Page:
If you are an animal lover, you know that every moment you spend with your pets is uniquely lovely. From wintry walks in the park to chilling in front of the television, you love them when they are excited and when they are relaxed. For many dog owners, it seems totally normal to have sleepovers, like you did with your best friends as a kid, or your children when they are scared. But is this a good idea for you and your dog? Before your dog gets into the habit of climbing into your bed, here are the pros and cons to help you make your decision
Why Should You Cuddle Up With Your Dog?
- It can help you relax. It has long been known that dogs make people happy. Scientifically, spending time with dogs has been proven to release oxytocin, which is a hormone that makes you feel all fuzzy and happy. Therefore, having your dog with you as you try to fall asleep can make you happy and calm so that you are better able to gently drift off into dreamland.
- You might feel safer. Dogs are almost always alert, and this includes in their sleep. We’ve all seen our dogs jump up mid-nap when they hear a loud noise. Sleeping with your dog nearby can help you feel more secure because you know they will wake you up if they hear an intruder. This is particularly important if you are living alone.
- It may improve your relationship with your dog. Sharing a sleeping space can tell a dog that you are members of the same pack. This builds their trust in you and creates a strong bond. This is particularly beneficial for rescue dogs who might need a little more love, respect and attention to trust again.
- Your dog can keep you warm at night. Say goodbye to the hot water bottle, you won’t need it anymore. In January, when the temperatures falls down to the 20s, you will be so grateful to have your beloved dog warming you up as you fall asleep.
- Your allergies or asthma can get worse. Obviously, if you have severe allergies, you probably don’t own a dog. But a lot of people can have minor allergies to dust, pollen, and any of the other many things on your dog’s fur, and not even know it. Sharing a bed with your dog for hours every night can increase the time spent with these allergens, and make something minor much more serious.
- Their behavior issues might get worse. Dogs with aggression or separation anxiety problems shouldn’t share your bed because you might just reinforce their belief that they are your equal, or even the dominant partner, in your relationship. This is a contentious issue, however, as many people argue that too much has been made of this phenomenon. Many well-behaved and well-adjusted dogs won’t have this problem
- Your privacy may be impacted. Dogs are simple creatures. Once they know that they are allowed to do something, they will try to do it whenever they want. Even a shut door might not keep them out, or they might sit at the door whining until you let them in. This might be a bit distracting when you want time alone, are getting dressed, or any other activities you might like to do in your room without prying eyes.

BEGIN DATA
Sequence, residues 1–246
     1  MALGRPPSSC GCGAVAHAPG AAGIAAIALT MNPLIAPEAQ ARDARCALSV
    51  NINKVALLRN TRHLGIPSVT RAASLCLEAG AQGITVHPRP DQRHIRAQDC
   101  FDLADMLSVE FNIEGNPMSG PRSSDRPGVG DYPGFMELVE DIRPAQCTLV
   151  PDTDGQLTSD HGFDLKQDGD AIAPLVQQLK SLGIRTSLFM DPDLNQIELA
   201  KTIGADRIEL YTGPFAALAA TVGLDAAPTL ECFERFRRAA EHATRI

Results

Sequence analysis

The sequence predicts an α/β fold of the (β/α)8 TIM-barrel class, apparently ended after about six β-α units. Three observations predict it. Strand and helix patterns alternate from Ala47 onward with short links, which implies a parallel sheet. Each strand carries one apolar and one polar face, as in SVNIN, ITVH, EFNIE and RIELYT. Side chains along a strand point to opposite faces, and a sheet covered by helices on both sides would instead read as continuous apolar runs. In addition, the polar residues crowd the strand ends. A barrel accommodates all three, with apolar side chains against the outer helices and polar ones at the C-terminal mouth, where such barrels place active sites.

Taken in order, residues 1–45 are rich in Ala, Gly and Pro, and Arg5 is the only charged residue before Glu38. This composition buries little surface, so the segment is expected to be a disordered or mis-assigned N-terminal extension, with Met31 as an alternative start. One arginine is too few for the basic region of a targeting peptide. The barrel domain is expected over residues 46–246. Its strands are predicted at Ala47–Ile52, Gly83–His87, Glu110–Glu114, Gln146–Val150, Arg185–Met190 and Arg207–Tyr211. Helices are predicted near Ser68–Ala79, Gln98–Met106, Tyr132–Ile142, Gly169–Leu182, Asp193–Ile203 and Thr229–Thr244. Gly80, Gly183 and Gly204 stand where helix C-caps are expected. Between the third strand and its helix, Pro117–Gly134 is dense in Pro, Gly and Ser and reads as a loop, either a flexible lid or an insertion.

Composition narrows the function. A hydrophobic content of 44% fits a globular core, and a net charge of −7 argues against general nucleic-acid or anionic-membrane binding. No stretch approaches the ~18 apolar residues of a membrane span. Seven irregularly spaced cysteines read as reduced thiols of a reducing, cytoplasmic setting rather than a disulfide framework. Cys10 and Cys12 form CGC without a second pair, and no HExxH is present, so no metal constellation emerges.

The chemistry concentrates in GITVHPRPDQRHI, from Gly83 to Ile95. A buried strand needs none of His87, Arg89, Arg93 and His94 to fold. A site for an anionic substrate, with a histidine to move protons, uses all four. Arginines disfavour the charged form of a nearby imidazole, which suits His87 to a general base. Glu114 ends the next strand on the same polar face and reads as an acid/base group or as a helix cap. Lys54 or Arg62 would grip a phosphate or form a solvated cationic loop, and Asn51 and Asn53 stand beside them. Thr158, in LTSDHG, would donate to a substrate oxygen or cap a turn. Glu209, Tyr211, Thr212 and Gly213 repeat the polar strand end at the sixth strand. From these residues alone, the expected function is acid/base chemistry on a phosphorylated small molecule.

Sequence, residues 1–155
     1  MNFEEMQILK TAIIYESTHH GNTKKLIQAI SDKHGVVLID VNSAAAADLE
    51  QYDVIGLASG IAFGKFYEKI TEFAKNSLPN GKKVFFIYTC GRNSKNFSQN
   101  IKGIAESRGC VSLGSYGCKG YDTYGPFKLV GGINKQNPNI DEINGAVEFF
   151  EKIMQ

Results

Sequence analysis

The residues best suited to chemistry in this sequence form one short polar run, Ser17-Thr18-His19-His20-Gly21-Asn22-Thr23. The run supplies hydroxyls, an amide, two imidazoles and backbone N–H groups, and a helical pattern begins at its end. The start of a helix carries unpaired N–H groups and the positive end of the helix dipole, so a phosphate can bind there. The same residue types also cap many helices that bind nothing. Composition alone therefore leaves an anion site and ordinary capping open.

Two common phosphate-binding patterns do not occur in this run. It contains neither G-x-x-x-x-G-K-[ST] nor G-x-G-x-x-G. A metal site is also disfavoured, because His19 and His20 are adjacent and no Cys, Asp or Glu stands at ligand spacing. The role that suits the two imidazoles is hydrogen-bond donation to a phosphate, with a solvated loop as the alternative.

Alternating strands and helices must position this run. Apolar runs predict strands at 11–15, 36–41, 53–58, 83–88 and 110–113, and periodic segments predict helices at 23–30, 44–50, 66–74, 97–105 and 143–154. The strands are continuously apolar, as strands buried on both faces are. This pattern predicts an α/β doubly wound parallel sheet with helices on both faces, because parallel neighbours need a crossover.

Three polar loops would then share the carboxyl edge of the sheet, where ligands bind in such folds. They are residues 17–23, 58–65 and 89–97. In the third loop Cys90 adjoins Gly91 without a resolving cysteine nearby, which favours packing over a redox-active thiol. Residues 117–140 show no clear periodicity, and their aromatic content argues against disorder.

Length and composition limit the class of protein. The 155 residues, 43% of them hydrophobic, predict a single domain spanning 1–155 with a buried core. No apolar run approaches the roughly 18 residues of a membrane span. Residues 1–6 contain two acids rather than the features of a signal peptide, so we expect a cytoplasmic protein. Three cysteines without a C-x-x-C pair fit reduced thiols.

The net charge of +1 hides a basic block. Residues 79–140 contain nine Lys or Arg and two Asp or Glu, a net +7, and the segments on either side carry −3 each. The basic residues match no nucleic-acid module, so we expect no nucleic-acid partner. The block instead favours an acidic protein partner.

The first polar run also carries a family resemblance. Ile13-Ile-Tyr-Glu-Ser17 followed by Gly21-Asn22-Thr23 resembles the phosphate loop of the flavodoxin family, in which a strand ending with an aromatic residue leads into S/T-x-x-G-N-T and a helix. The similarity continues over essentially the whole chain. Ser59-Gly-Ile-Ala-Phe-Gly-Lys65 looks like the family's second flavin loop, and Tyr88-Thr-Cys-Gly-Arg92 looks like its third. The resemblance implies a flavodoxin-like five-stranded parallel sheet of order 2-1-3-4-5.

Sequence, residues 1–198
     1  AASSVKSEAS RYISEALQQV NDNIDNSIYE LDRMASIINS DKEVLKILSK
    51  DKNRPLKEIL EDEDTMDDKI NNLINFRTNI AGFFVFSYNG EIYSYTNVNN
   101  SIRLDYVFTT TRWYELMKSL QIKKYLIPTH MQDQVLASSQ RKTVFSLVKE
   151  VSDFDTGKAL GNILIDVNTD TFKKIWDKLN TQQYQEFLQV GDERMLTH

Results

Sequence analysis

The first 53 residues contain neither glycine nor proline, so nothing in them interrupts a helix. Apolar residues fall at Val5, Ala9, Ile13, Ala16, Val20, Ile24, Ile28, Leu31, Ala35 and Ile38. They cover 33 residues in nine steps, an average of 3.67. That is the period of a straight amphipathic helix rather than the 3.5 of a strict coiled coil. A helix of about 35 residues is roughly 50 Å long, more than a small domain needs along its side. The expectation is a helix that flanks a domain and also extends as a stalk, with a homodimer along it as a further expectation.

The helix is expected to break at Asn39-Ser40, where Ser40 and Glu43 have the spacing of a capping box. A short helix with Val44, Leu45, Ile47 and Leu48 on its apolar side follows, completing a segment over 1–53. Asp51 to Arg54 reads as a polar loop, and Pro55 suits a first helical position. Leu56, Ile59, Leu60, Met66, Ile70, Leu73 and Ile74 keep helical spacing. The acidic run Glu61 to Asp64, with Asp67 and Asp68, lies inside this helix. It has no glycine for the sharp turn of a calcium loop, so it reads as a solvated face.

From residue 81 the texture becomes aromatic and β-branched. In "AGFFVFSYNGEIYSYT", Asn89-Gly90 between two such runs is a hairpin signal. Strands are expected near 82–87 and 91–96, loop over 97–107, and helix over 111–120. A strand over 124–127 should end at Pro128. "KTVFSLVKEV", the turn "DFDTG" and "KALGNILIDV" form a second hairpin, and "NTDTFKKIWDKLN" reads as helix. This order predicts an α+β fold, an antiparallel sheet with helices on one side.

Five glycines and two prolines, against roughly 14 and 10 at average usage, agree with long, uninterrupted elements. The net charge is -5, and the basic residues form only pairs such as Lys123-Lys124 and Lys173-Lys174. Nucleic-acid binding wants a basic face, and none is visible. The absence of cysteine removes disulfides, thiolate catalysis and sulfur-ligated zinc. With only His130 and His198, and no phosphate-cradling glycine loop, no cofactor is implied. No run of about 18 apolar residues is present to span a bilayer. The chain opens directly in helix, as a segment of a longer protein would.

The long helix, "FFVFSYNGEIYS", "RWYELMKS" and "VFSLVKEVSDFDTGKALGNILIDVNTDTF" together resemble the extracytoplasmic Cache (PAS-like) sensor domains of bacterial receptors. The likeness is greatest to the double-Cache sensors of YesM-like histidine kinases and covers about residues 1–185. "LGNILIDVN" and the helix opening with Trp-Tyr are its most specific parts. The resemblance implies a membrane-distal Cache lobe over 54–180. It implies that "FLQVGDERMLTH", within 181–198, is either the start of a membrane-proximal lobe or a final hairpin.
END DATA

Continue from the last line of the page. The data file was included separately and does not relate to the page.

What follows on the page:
- Your bed will become dirtier. This isn’t just the mud they might track in from walkies, but can also be bacteria, parasites, fleas and ticks. Unfortunately, some of these can be transferred to you, so you must be careful. This is not a common occurrence, however, but if you or a family member suffer from any immunosuppressant issues, it is not a good idea to allow your dog into any beds.
- Your quality of sleep might suffer. While some people find that their quality of sleep increases, others find that their sleep is increasingly interrupted. This is because dogs are polyphasic sleepers, which means they sleep approximately three cycles a night, rather than our one. This helps them to stay alert, but can mean they wake you whenever they wake up.
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Ultimately, it is your decision whether to let your dog sleep in your bed or look into buying the best dog bed available for them to sleep in. While the costs might not outweigh the benefits for the average dog, your dog might be particularly anxious due to traumatic experiences or old age. If you do make this decision, there are four rules you should follow:
- Make sure they can sleep in a bed alone. Even if you never plan to separate from them, unexpected trips, illness or life events can mean you and your dog have to deal with change. Make this change as manageable as possible by training your dog to sleep alone before they sleep in your bed.
- House-train your dog first. This might seem obvious, but you need to make sure your dog is highly trained if you don’t want your night ruined. You might be able to put up with a little bit of dirt, but urine is a whole new unpleasant experience.
- Have regular check ups. Ensure your dog has great hygiene and is checked for parasites, fleas and ticks often. This will make it less likely that your dog will pass on something nasty.
- Dogs shouldn’t sleep with a child younger than six. They are likely to pull on your dogs tail and otherwise neglect their needs. This might result in your dog getting hurt, or, worse, they might lash out in defence. Many children older than this might also be unsuitable. Your child needs to prove that they are mature enough by having a record of responsible pet owner behavior.
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